There is a lack of political institutions to give voice to grievance and to provide the basis for alternative political agendas. This chapter analyses comparatively the findings of four commissioned papers that sought to describe key trends in the financing of humanitar ian action. and to ensure that agreements regarding humanitarian access and conflict resolution are adhered to. Deprived of funds from international sources and unrestrained by internal and external means of regulating violence. but also about development. the US and the EU. Third. 5 . and the strategic interest associated with these new forms of conflict has become less obvious. the wars of the twenty-first century appear particularly threatening. Humanitarianism and the new security agenda A new political economy of war Wars are not what they used to be (Kaldor. bullets and elite politics. As the definition of humanitarianism has been stretched. This makes it extremely difficult to identify clearly the different forces controlling territory. decolonisation and the Cold War. 2000).). Defining a clear ‘target’ for intervention has become more difficult. and in humanitarian policy in the UN. Second. both in the institutional arrangements in place to provide protection and assistance. ODI Presuming to identify trends in humanitarian action is a perilous business. the incentives have diminished for armed groups to respect the rules of war. as a new set of actors has claimed it as part of a new. Thus. they appear less reliant on generating popular legitimacy to sustain themselves. the basis of reciprocity between armed groups and civilians that characterised many of the wars of decolonisation and the ideological struggles of the 1960s and 1970s also seems to have diminished. As it has become ‘privatised’. The rules governing international intervention in internal wars have become more opaque. It reviews the changing nature of contemporary crises and the factors shaping international responses to them. has declined. While contemporary armed groups may be aggrieved as well as ‘greedy’. these new wars have relied upon the steady extraction of natural resources and predation of civil assets.There are three major implications of this new political economy of warfare for those concerned with humanitarian action.The proliferation of small arms and the means to sustain armed groups through systematic predation of natural and personal assets have provided fertile ground for the fragmentation of armed groups. not only for the countries involved. so violence has become more fragmented. and in the volume of resources available. the seismic shifts in the global political economy since the mid-1980s have moulded a new generation of violence and misery. It argues that humanitarian action has been incorporated into a broader security agenda. Paradoxically. The implications of this differentiated humanitarian action are then reviewed. The cast of characters has changed significantly in recent years. often unfamiliar faces. to negotiate with them. and are being redefined. to include new. particularly from Humanitarian action and the new security agenda Throughout the 1990s. This variability in international political and military responses to conflict sets the framework for an increasingly differentiated humanitarian response. international political leverage over internal conflicts has diminished as international finance. more interventionist international order. While the extent of warfare may not have changed significantly. international responses to these conflicts have become less predictable. in others the disengagement of the superpowers provided for the emergence of an apparently more deadly and intractable political economy of war. but also for international security more broadly. and to protect civilians under their control (Leader. First. and by an increasing awareness of the costs of the political economy of the new wars.H P G R E P O R T The new humanitarianisms: a review of trends in global humanitarian action Chapter 1 Analysis and synthesis Joanna Macrae. and in more dangerous and precar ious humanitarian access (ibid. This has resulted in both extreme violence against civilians. 1999). with weak command and control structures. both for affected countries and internationally. and that humanitarian responses are becoming increasingly differentiated in terms of their shape and size according to the strategic significance of particular emergencies. Humanitarian Policy Group. A redefinition of security was required by the near-disappearance of conventional military threats to the major powers. so identifying the actors on the humanitarian stage has become more difficult. the US and the former Soviet Union. while the close of the Cold War paved the way for the end of at least some conflicts. While the origins of these ‘new wars’ can be traced back to much older conflicts of colonisation. there was an emerging consensus that security is not just about bombs. The very meaning of humanitarianism has become elusive.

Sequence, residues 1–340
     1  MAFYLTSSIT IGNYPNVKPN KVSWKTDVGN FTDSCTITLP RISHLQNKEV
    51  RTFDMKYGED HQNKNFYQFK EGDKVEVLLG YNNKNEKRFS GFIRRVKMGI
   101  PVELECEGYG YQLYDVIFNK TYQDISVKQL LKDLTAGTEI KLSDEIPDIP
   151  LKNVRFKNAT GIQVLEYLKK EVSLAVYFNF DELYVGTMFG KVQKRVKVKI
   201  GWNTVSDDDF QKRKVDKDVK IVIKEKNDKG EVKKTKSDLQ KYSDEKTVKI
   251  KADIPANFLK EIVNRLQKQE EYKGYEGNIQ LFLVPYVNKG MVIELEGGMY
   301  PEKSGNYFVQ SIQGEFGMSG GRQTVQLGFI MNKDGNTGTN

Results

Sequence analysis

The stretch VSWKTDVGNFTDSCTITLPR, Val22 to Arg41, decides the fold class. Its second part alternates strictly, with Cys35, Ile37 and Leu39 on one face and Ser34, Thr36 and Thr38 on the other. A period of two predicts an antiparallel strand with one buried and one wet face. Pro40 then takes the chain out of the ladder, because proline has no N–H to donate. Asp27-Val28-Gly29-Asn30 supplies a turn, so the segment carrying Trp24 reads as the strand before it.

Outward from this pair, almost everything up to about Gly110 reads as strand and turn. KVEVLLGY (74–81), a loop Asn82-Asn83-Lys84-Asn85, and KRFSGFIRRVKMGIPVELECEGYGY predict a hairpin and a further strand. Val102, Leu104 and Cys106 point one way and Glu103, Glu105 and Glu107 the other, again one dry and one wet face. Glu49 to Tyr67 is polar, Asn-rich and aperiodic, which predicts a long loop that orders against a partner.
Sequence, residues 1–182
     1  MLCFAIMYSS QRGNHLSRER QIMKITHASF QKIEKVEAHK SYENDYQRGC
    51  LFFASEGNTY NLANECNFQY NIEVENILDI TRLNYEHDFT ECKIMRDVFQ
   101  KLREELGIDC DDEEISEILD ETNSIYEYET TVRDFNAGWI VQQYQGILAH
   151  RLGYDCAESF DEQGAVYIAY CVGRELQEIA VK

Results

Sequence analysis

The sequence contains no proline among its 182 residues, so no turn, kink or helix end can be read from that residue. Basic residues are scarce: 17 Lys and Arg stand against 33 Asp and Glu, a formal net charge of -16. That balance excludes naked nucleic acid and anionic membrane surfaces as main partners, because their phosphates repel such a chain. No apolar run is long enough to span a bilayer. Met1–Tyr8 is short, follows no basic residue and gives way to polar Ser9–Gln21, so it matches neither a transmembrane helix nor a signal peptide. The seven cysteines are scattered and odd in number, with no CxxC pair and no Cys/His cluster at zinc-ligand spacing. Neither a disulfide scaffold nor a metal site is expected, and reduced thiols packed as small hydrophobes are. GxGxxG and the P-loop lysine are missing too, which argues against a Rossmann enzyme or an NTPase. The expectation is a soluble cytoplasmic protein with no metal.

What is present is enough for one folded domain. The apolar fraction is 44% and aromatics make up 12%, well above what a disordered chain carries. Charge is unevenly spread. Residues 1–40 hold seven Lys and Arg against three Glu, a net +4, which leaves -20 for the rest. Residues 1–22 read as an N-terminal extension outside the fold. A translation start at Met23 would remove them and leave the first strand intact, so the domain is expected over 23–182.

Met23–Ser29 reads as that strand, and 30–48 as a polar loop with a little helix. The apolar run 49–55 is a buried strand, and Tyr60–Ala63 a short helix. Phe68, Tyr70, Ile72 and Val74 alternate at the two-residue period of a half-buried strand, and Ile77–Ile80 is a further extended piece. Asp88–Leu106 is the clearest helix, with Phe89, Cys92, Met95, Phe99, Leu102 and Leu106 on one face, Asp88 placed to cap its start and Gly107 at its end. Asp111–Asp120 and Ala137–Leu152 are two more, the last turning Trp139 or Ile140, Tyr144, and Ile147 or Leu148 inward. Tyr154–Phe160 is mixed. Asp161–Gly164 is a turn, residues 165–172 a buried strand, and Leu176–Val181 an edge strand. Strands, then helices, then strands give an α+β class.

2001). preoccupied the international community with renewed intensity in the past decade. international borders with Afghanistan were effectively sealed in 2001. It is becoming harder for people to get out of. sometimes with force. including human rights. which exposes civilians to greater levels of violence. Many see this as a welcome. The 1990s saw a series of experiments that sought to establish new organisational structures to deliver on an emerging international political order. Throughout the 1990s and into the new millennium. This put forward the idea of human security. humanitar ian intervention (see. one infor mant interviewed during the course of this study suggested a more cautious reading. particularly in the West. In the name of protecting these values. for example. which included the social and economic determinants of violence within the security agenda. recognition of the central importance of protection to humanitar ian work. military interventions were launched to address the humanitarian consequences of wars in states such as Somalia. not their governments (see Reindorp. In part reflecting this trend towards keeping conflictaffected populations in situ. and there have been important attempts to build common understanding around the meaning of protection – and strategies for achieving it – between those concerned with refugees and with internally-displaced people (IDPs). and stay out of. humanitarian agencies have become more concerned with protection issues. alongside more longterm structural threats to international security.These in turn have required innovation in the relationship between humanitarian actors and their political and military counterparts. governments and armed groups. by extension. and a pragmatic acceptance of the difficulties facing populations in crossing international borders. preventing significant population outflows. At the root of these debates have been questions regarding the rationale for. Complex military. as well as drawing on lessons of past responses. violations of humanitarian law routinely became the subject of international political censure and sanctions. UN SecretaryGeneral Kofi Annan has been a strong advocate for interpreting the UN Charter as a document to protect people. This broadening of the definition of security has been reflected in the changing scope of the work of the UN Security Council. When these migrants reach the West. These interventions were premised on a reappraisal of inter national responsibilities to protect the rights of individuals. There is now a greater emphasis on containing refugees within the borders of their own states (Hathaway. rather than the interests of states. Throughout the 1990s. By the late 1990s. including the environment. 1992). 6 . The idea that the national interest is best served by promoting liberal values was echoed in Europe and Australasia (Macrae and Leader. Adam Roberts (2000) notes that. 2000).HPG Report 11 H P G R E P O R T The broadening of the security agenda to include new threats was most explicitly marked first by the UN. seeing this interest as centred on how to achieve protection within conflict-affected countries. International Commission on Intervention and State Sovereignty. and rules of. Stoddard notes that. with the launch in 1992 of Agenda for Peace (Boutros-Ghali. the Secur ity Council was including humanitarian issues on its agenda. However. This central issue – how to address massive threats to the human rights of whole population groups when the government is either unwilling or unable to do so – has Norms of behaviour and humanitarian intervention In Chapter 4. political and aid strategies were designed variously to mitigate the humanitarian effects of conflict and to stabilise violent states. asylum for Kosovar refugees was negotiated with the Macedonian government on the condition that they would subsequently be transferred to other countries. This meant confronting nonconforming individuals. the West generally). Addressing the new wars: containment Insecurity and poverty continue to result in people leaving their home countries to seek asylum and employment. until 11 September. In Macedonia in 1999. Thus. the UN was to provide a focus for debate concerning the balance between the rights of states to non-interference and the rights of individuals to protection. their home countries. if belated. violent conflicts around the world were portrayed as humanitarian crises. governments and the Security Council have used three types of violation of international humanitarian law to justify military intervention in internal conflicts: harm to civilians. since 1989. The protection agenda is no longer seen as the monopoly of the UN High Commissioner for refugees (UNHCR) and the International Commission of the Red Cross (ICRC). water and HIV/AIDS. The unconditional respect of states’ sovereignty that had been the cornerstone of international relations throughout the Cold War now became conditional upon states adhering to norms of international behaviour. 1995). In other words. she argues that foreign policy came to be defined by many in the US in terms of promoting certain values. Bosnia and Haiti. A succession of papers have been produced by the UN in this area (see Reindorp. Chapter 3). rather than potential geostrategic threats to the US (and. they can expect less support than in the past. and were used to justify the deployment of force. Quoting American academic Joseph Nye (1999). Chapter 3). and between human rights and assistance actors. increased preoccupation with protection issues in conflict zones might be seen as an effective accommodation by humanitarian actors to the containment of conflict.